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© September 2002 Bruce Garlock

Log Serial Port Data to a Specified Logfile

By Bruce Garlock

I wrote this script to capture log data from our T1 routers for debugging purposes. There are some comments in the file for configuration. I run this in the background on Redhat 6.2 machines, at our remote locations. Eventually I plan to add more features, like logging to syslog, so I can get timestamps, which Multitech doesn't currently support on their routers. No warranty, and use at your own risk! (Seems to work fine in my environment, though) You could also port this to a win32 environment too.

# Author: Bruce S. Garlock
# Date:   2002-09-11
# Requirements: Device::SerialPort 0.12 (from cpan)
# Version: 0.1
# Description:  This perl script is for logging of data from a serial
# port, to a specified logfile.  The logfile can then be parsed with
# other programs for reporting purposes.
# This program was written for specifically logging Multitech's
# MTASR2-203 T1 Router.  The router outputs text to the command
# port with 57.6k, 8-1-N, and No flow control.

use Device::SerialPort 0.12;

$LOGDIR    = "/var/log";              # path to data file
$LOGFILE   = "router.log";            # file name to output to
$PORT      = "/dev/ttyD015";          # port to watch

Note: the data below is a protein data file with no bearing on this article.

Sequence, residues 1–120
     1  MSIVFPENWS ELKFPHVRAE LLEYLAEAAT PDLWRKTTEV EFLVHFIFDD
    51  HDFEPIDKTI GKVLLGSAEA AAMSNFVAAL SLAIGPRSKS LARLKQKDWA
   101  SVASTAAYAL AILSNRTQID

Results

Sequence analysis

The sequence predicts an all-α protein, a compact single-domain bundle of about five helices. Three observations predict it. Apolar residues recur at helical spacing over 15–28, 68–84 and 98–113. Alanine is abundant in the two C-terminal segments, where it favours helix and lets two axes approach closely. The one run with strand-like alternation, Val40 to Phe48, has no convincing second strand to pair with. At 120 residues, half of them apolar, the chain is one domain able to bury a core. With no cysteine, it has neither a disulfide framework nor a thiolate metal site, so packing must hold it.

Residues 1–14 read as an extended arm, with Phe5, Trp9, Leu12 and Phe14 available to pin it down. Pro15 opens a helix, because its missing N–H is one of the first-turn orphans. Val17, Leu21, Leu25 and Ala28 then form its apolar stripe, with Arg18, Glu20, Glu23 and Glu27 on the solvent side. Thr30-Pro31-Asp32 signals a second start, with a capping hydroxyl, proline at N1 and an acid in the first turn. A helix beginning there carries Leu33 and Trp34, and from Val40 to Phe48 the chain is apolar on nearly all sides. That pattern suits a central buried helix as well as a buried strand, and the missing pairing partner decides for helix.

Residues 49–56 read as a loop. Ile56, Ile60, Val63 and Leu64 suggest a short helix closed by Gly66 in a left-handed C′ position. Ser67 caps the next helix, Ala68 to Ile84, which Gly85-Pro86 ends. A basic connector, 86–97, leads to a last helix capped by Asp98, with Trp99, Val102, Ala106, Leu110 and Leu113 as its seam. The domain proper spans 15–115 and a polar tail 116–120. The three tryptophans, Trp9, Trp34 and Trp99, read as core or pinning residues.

# Serial Settings

$ob = Device::SerialPort->new ($PORT) || die "Can't Open $PORT: $!";
$ob->baudrate(57600)   || die "failed setting baudrate";
$ob->parity("none")    || die "failed setting parity";
$ob->databits(8)       || die "failed setting databits";
$ob->handshake("none") || die "failed setting handshake";
$ob->write_settings    || die "no settings";

# Send a string to the port

sleep 1;

# open the logfile, and Port

    ||die "can't open smdr file $LOGDIR/$LOGFILE for append: $SUB $!\n";

open(DEV, "<$PORT") 
    || die "Cannot open $PORT: $_";

select(LOG), $| = 1;      # set nonbufferd mode

# Loop forver, logging data to the log file

while($_ = <DEV>){        # print input device to file
    print LOG $_;

undef $ob;

See Device::SerialPort on Redhat 8 for updated information on this.

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Fri Mar 4 21:58:02 2005: 107   anonymous

This is just what I need. What would make this better is if we could somehow pipe it to our ODBC database (running localy) so that we could keep track and massage the data easily. Not to mention be able to query it from applications in real time. If anyone has the slightest clue on how to do it, please send me in a direction.

Mon Mar 7 00:21:29 2005: 109   bruceg

This should not be too bad - you should be able to do it with the Perl DBI::ODBC module. I have had perl programs use ODBC databases before, even real old ones, so it should work for you. There are a lot of examples out there, just search google for perl odbc dbi example. Here is one basic one, that walks you through making DBI::ODBC, and a simple example script: (link)

I am sure there are plenty more out there, just search google. Here is a larger example, providing all sorts of SQL commands with Perl: (link)


Mon Mar 7 00:26:01 2005: 110   bruceg

Here is a link to the Perl ODBC HOWTO - this is what should really help you out:



Tue Aug 23 23:59:14 2005: 1015   james

love the script. I also want to upload the items inot a mysql db but that will come later. My problem is that whenever i run the script "perl logger.pl" it runs but if there is no out put from the printer interfaces it ends. From what i understand it should keep going adding a new line when req. What am i missing??

Wed Aug 24 14:05:05 2005: 1020   bruceg2004